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May 1975

Casts of Choroidal Vasculature at Physiologic Pressures: A New Technique

Author Affiliations

From the Wilmer Ophthalmological Institute of the Johns Hopkins University and Hospital, Baltimore.

Arch Ophthalmol. 1975;93(5):362-364. doi:10.1001/archopht.1975.01010020374012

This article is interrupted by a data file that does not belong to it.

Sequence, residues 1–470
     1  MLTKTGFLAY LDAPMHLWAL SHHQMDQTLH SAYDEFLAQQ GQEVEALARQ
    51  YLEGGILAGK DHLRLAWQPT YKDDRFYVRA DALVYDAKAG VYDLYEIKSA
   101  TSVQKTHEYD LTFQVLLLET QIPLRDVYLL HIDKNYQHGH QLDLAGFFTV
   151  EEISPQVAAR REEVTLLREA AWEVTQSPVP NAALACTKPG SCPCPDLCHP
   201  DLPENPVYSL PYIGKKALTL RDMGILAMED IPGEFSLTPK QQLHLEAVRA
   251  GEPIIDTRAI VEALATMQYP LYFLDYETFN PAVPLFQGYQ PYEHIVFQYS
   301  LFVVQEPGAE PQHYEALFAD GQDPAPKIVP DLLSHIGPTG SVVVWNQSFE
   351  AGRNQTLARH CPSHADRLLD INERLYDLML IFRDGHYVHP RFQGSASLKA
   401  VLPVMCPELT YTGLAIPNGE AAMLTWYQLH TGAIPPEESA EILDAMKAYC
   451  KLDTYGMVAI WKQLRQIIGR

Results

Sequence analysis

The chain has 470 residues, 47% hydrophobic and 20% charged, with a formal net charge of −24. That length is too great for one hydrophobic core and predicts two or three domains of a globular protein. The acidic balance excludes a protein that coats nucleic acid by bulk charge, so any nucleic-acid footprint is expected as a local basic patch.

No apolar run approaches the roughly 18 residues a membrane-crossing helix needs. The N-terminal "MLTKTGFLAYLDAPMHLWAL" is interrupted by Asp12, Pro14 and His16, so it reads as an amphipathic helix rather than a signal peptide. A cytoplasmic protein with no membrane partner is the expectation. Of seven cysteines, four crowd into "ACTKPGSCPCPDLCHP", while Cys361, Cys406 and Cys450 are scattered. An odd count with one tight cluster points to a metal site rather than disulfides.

A method for making latex rubber casts of the ocular vasculature while maintaining physiologic vascular relations has been developed. A series of short-haired domestic cats, Rhesus monkeys, and albino rabbits were anesthetized and cannulated in the common carotid arteries. The jugular veins were severed, and heparinized saline was infused into the carotid arterial circulation of the animals for complete exsanguination of the head. Throughout the infusion procedure, normal physiologic pressure was maintained. After exsanguination was complete, a solution of latex rubber in distilled water was infused bilaterally and continued until the flow from the jugular veins ceased. The eyes were enucleated and placed in a curing solution. After fixation, the eyes were selectively trimmed and placed into a solution of sodium hydroxide for digestion. The digested tissue was transferred to distilled water for dissection. After dissection, the cast was closely inspected for completeness of capillary filling. Casts such as these are intended for use in observations of ocular vascular anatomy.

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